Nov. 19, 2007

Words from the Front

by Ron Padgett

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Poem: "Words from the Front" by Ron Padgett, from How to Be Perfect. © Coffee House Press, 2007. Reprinted with permission. (buy now)

Words from the Front

We don't look as young
as we used to
except in dim light
especially in
the soft warmth of candlelight
when we say
in all sincerity
You're so cute
You're my cutie.
two old people
behaving like this.
It's enough
to make you happy.

Literary and Historical Notes:

It's the birthday of poet and novelist Allen Tate, (books by this author) born in Winchester, Kentucky (1899), who believed that Southern culture was being corrupted by Northern industrialism, but he didn't make his name as a poet until he moved to the North himself. He got fired from a true stories magazine for correcting his boss's grammar, so he rented a farmhouse in upstate New York and wrote his best-known poem, "Ode to the Confederate Dead" (1928), about standing at the gate of a cemetery and feeling cut off from the past. He went on to write the biographies Stonewall Jackson (1928) and Jefferson Davis (1929), and his novel The Fathers (1938). His Collected Poems came out in 1977.

It's the birthday of the poet Sharon Olds, (books by this author) born in San Francisco (1942), who didn't publish her first book of poems, Satan Says (1980), until she was 37 years old. She said, "I was a late bloomer. But anyone who blooms at all, ever, is very lucky. ...Many lives don't allow that, the good fortune of being able to work at it, and try, and keep trying."

Olds one of the few modern poets who actually sells thousands of copies of her books, in part because she writes about the family lives and love lives of ordinary women in her collections The Dead and the Living (1984), The Father (1992), and Blood, Tin, Straw (1999). Most readers assume she is writing about her own life, but early in her career, Olds made a vow that she would never talk about her personal life in public, and she refuses to say whether or not her poems are autobiographical.

She also tries not to watch any television or read any newspapers, because she just doesn't have time. To stay informed about the world, she looks at the front page of newspapers when she walks past newsstands, and she asks her friends to brief her on world affairs. She said, "It might be a bad thing, not to know what's going on in the world. I can't say I really approve of it ...[I just don't like] learning about so many things that we can't do anything about." Her collection Strike Sparks came out in 2004.

It was on this day in 1863 that President Abraham Lincoln delivered the Gettysburg Address at the dedication of a new cemetery to honor the 23,000 Union soldiers and 20,000 Confederates who had been newly reburied months after the battle. The organizers had invited the most popular poets of the day to write something in honor of the occasion, but Henry Wadsworth Longfellow, John Greenleaf Whittier, and William Cullen Bryant all declined. So the keynote speaker was Edward Everett, known for his speeches about battlefields. Lincoln was invited only as an afterthought, but he hoped to use the occasion to explain why he thought this horrific war was still worth fighting.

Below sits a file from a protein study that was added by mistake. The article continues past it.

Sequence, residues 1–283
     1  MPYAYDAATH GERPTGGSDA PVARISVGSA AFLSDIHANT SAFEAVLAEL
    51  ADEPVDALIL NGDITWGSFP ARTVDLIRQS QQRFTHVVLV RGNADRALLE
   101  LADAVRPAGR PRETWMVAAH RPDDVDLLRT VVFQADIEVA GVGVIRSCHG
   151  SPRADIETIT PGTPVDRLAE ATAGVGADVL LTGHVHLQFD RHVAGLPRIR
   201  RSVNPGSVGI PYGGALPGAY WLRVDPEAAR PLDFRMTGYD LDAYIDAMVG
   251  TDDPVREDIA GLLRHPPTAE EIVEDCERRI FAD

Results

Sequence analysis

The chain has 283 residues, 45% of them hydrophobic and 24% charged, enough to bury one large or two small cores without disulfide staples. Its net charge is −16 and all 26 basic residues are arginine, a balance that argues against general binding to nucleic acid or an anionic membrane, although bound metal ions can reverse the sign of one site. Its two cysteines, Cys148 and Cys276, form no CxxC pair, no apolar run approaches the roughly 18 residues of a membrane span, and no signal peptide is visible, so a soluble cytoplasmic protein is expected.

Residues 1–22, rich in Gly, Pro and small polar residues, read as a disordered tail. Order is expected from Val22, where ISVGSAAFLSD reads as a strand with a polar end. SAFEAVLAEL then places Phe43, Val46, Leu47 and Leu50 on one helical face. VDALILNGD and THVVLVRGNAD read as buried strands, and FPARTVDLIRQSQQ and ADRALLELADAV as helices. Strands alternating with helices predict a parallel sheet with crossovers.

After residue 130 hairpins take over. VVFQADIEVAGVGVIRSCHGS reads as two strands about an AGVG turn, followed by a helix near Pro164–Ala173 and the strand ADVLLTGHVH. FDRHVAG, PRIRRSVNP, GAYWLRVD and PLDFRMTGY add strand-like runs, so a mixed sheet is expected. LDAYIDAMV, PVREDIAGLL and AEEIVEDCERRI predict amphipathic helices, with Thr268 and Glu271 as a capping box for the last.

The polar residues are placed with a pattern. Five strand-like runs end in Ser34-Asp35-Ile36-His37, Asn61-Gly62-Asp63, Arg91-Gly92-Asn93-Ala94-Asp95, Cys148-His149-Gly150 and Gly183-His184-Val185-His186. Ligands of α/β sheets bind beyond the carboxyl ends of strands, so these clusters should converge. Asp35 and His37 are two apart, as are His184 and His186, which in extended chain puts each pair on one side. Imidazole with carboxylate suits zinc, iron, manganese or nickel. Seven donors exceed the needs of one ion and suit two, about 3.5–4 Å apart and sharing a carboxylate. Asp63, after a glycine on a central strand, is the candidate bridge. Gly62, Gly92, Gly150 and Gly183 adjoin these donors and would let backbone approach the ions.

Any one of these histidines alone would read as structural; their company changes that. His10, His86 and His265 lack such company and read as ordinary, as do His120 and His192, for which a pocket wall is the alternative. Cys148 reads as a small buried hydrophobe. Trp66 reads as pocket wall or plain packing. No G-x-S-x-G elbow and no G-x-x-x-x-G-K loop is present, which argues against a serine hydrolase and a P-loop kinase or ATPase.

About 15,000 people showed up that day, and the festivities began with a military band. A local preacher offered a long prayer, and then Edward Everett stood up and spoke for over two hours, describing the Battle of Gettysburg in great detail, and he brought the audience to tears more than once.

When Everett was finished, Lincoln got up, and pulled his speech from his coat pocket. It consisted of only 10 sentences, just 272 words, did not mention any of the specifics of the war or any of the details of the battle, did not mention the North or the South, and did not mention slavery. What he said was that our nation was founded on the idea of equality, and the war was being fought over that idea. And he ended by saying, "It is rather for us to be here dedicated to the great task remaining before us — that from these honored dead we take increased devotion to that cause for which they gave the last full measure of devotion — that we here highly resolve that these dead shall not have died in vain — that this nation, under God, shall have a new birth of freedom — and that government of the people, by the people, for the people, shall not perish from the earth."

The audience was distracted by a photographer setting up his camera, and by the time Lincoln had finished his speech and sat down, many people in the audience didn't even realize he had spoken. But Edward Everett later told the president, "I wish that I could flatter myself that I had come as near to the central idea of the occasion in two hours as you did in two minutes."

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